In that spirit, OSPI has two specific projects underway that will help shine a light on the issues of student growth.

  1. As part of a grant, OSPI is teaming with the University of Washington to study the impact of the new teacher and principal evaluation on our education system. The following bullets outline the areas we will study over the next three years of the project:
    • Engagement in Professional Learning
    • Focus of Instructional Improvement Strategies
    • Nature of the Evidence Base to Gauge Professional and Student Growth
  2. OSPI has consistently convened practitioners to study and come up with solutions to how to move forward around student growth. We have dedicated numerous days and resources to this work over the past three years. This spring, OSPI is bringing together content experts in 10 different areas to create a first stage of curriculum around the student growth goal setting and outcomes (rubrics) process. This is complex work that will take months and years to perfect in schools, but OSPI and the TPEP steering committee believe that keeping the work as close to the classroom as possible will be essential for our students as we begin the work around student growth in 2013-14, while at the same time experimenting with school, districts, and state-based tools. The pioneering teachers, principals, and district administrators in the pilot and RIGs have not shied away from difficult topics and we must embrace this one too, together.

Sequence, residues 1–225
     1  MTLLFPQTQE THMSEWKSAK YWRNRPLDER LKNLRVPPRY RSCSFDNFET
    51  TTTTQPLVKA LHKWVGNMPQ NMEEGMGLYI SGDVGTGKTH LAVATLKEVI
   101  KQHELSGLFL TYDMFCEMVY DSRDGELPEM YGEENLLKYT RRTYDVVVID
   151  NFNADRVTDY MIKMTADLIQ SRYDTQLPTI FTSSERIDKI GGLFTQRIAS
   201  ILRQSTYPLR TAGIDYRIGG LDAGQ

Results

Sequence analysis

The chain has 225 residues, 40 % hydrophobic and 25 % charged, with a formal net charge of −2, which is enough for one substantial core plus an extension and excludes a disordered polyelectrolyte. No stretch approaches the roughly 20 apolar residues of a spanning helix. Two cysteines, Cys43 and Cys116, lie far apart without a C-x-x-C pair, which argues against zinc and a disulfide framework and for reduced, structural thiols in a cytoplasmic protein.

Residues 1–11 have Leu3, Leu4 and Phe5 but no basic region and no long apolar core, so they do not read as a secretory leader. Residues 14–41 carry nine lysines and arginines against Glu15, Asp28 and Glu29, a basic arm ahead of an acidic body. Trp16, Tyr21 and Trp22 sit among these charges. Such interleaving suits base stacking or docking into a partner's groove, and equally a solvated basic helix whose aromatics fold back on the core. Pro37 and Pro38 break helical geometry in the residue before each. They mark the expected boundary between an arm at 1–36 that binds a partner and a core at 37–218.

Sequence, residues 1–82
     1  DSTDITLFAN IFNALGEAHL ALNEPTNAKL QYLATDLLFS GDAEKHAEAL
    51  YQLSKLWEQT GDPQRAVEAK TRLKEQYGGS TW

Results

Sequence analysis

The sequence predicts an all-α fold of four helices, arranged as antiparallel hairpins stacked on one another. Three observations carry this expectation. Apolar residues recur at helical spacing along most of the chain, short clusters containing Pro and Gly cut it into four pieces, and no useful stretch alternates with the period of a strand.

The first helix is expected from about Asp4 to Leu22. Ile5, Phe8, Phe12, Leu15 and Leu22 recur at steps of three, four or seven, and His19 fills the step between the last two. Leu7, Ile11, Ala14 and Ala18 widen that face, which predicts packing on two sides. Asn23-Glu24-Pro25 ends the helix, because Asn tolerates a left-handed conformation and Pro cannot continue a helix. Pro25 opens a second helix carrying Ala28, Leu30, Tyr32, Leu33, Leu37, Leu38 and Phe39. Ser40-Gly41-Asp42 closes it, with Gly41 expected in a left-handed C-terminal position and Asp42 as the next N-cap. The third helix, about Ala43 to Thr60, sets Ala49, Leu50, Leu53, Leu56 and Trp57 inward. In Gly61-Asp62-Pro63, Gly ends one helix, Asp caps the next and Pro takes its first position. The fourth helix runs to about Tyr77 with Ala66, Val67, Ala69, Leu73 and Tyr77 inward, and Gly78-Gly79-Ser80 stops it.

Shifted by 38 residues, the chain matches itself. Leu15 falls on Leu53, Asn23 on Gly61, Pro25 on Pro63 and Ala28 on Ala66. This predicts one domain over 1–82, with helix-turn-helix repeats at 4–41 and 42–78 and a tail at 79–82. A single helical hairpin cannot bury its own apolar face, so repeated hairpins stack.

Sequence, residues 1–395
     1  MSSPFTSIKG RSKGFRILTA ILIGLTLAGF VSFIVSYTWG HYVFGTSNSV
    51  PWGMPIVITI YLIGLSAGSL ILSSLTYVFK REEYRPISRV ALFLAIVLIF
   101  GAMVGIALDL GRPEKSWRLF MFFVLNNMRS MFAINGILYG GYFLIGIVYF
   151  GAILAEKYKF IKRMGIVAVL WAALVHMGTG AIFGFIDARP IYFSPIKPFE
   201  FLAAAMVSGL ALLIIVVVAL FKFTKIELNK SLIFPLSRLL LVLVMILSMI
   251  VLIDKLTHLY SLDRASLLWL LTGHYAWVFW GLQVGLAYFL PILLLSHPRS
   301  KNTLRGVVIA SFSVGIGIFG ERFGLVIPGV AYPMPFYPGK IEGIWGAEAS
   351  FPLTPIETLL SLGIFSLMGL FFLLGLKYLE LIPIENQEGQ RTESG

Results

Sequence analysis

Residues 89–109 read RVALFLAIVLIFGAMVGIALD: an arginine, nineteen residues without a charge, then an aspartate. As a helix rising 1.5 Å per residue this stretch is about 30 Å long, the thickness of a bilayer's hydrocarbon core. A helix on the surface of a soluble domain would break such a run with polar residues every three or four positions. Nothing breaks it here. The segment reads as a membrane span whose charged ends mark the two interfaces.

Finally, through the work of the practitioners involved in the TPEP work (and other initiatives), OSPI will be releasing a module related to student growth in educator evaluation by late spring (Goal Date of May 1st, 2013). Keep checking our website for the ongoing release of the modules.